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New year new work: Going solo and starting your own business in Belgium
Those who have lived in Belgium for many years can tell you: it’s never been easier to get the information you need to start your own business. With websites becoming more English-friendly and entrepreneurial agencies reaching out to internationals – especially in Brussels – the process has become much less daunting than it was even 10 years ago.
And more roadblocks could fall away in the future. Flanders is about to scrap its requirement that those without a diploma must take courses in business management, and Brussels could follow. However, says Olivier Willocx, director of Brussels Enterprises, Commerce and Industry (Beci), even that requirement is – in true Belgian fashion – flexible. “If you want to start a business in Belgium, you have to have a university or college diploma or relevant experience,” he says. “The Belgian state simply wants to make sure you have an understanding of what you’re doing.” This, he explains, avoids bankruptcies.
Before you get as far as applying for a business licence, it’s crucial to get the right advice. The first step is to arm yourself with basic information. The second is to enlist the help of a lawyer and an accountant or a coach at one of Belgium’s entrepreneurial agencies. Each region has its own agency. Beci serves the Brussels Capital-Region, but Flanders’ and Wallonia’s agencies – Unizo and UCM respectively – also have offices in the capital.
Many internationals are reluctant to seek help because of language barriers, but Willocx says help in English is available. “One in three of my clients speaks English,” he says. “For the moment, all the paperwork has to be done in French or Dutch, but we’re working on that. We are trying to convince the authorities to accept English as well.” Still, he warns, it’s best to have a basic understanding of French or Dutch if you want to run a business here. Beci’s training courses, for instance – many of them free – are in one or other of the languages. “It’s a question of understanding the system,” he explains. “English terms don’t mean the same thing to all English-speakers. ‘Social security’, for instance, means something different in different cultures.”
Bernard Denys, a business coach at the Brussels chapter of Unizo, agrees that it’s a good idea to get yourself familiar with the system in French or Dutch and also points to a number of training options to help you learn to run a business. “The Belgian state does want to simplify the process, which is very good, but we advise people to acquire the skills they need all the same,” he says. “There are modules you can follow in certain organisations, like Syntra, in order to get this kind of knowledge.”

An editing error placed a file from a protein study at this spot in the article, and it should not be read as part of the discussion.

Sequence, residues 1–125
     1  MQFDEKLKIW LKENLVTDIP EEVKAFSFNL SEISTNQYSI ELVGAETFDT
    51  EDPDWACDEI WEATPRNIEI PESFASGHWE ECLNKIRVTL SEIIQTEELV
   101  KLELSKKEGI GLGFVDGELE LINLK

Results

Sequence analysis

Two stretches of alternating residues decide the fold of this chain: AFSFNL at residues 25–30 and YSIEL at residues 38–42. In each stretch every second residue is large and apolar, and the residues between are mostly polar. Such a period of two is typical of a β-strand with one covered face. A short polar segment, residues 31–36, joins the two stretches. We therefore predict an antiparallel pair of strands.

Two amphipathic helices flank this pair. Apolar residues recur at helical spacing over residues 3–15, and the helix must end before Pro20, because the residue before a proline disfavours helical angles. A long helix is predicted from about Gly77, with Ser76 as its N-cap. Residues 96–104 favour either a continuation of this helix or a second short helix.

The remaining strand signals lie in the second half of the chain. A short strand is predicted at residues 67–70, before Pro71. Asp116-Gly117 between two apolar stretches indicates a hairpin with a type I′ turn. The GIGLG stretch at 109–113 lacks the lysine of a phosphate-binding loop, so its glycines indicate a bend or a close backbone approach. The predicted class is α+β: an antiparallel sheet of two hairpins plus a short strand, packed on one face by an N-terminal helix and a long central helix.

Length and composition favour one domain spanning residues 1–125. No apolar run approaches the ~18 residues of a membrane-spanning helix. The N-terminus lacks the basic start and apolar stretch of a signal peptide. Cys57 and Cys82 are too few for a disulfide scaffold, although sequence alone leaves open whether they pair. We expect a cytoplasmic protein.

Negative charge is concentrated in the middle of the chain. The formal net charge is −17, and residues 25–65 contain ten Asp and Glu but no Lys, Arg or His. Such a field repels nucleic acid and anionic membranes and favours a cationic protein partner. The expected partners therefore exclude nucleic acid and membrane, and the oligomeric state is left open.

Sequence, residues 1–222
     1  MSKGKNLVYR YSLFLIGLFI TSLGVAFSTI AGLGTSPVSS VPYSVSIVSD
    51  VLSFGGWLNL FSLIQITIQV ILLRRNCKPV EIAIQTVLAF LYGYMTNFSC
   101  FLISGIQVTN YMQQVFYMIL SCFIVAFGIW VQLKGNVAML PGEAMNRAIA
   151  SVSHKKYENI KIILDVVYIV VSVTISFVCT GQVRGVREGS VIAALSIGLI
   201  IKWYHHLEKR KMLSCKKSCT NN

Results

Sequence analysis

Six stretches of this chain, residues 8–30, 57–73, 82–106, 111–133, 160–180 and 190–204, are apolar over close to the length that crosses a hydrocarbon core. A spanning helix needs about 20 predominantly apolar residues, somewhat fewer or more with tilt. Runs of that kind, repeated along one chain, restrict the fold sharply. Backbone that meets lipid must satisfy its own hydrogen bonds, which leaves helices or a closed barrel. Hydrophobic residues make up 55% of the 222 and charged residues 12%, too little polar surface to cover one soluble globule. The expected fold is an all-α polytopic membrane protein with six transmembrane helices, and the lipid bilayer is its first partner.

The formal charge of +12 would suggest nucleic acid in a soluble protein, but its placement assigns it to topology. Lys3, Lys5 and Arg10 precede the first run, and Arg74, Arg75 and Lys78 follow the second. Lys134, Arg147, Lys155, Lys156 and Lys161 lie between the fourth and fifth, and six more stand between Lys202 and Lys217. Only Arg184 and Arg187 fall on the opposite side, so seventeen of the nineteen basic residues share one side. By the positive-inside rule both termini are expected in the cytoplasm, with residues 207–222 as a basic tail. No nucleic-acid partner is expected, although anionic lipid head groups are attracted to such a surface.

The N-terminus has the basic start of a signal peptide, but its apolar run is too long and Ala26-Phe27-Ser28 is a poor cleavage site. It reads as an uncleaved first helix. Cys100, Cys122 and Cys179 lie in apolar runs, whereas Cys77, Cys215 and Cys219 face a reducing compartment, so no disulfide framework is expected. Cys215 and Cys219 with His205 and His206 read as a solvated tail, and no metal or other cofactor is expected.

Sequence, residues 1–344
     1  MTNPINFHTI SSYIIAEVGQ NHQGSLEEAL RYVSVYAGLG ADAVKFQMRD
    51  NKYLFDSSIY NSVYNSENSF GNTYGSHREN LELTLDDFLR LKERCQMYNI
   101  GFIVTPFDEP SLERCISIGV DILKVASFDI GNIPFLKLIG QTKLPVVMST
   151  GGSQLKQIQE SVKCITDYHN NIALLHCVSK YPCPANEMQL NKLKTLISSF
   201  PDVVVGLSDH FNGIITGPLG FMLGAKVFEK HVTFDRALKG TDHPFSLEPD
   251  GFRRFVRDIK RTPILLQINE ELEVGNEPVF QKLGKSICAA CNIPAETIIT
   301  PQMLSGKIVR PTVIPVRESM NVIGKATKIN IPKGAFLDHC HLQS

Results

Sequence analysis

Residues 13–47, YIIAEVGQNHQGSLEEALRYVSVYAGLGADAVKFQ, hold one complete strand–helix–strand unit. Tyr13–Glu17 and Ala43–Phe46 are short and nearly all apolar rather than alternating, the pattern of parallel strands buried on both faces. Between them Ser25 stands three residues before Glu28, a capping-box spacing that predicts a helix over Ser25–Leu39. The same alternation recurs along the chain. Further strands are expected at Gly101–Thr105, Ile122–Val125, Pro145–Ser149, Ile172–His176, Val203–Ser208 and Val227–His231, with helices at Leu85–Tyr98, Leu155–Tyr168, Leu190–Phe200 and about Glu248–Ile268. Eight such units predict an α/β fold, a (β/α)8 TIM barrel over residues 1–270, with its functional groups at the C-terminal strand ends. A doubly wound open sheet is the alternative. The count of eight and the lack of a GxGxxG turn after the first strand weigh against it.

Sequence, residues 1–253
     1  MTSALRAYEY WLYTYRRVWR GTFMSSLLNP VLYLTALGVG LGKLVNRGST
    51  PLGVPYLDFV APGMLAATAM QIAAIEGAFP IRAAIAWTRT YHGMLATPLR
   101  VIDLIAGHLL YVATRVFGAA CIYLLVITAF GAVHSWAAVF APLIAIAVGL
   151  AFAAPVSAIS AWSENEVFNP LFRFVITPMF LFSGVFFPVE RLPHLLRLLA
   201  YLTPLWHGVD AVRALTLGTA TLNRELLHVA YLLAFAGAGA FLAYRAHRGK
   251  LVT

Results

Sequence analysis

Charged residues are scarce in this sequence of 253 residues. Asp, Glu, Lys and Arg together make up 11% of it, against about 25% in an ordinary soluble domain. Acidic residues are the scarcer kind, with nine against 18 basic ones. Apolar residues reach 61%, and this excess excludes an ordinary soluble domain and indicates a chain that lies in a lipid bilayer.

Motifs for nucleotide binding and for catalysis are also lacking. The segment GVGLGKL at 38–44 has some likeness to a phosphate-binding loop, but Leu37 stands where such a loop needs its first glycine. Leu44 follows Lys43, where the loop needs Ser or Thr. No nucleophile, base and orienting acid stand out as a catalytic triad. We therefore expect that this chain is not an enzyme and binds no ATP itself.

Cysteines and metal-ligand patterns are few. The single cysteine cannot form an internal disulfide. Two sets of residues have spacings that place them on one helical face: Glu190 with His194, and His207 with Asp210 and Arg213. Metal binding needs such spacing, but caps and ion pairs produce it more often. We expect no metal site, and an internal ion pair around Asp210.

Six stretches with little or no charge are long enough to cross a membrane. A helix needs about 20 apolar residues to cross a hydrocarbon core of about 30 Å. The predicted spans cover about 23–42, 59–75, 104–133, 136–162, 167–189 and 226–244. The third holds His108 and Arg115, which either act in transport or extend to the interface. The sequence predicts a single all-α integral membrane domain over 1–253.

Unizo itself offers a course called Go4Business, which includes personal coaching and group workshops. By the end, you’ll have a business plan and an idea of how and when to start. Denys encourages anyone thinking about starting their own business in Brussels to first consult the website 1819.be. “The aim of the site is to send you to the right people,” says Denys. “Unizo is one of the recognised places to go for help but there are others that can provide advice, help you with a business plan or to get financial resources, or to analyse your business case for the Belgian market.”
He also explains that, while applying for a business licence is a federal jurisdiction, the subsidies available are decided at the regional level. And, like advice, there are more subsidies available now than ever before. “The main thing to know is that there are many organisations providing really good help for start-ups in Brussels,” says Denys. “Sometimes it comes from universities, sometimes from non-profits, sometimes our organisations.”
It’s important to realise, they both point out, that one can become self-employed without having to become a legal entity. This is crucial information for expats, who often want to start up a consulting activity after retirement or to put their English-language skills to work translating or copywriting.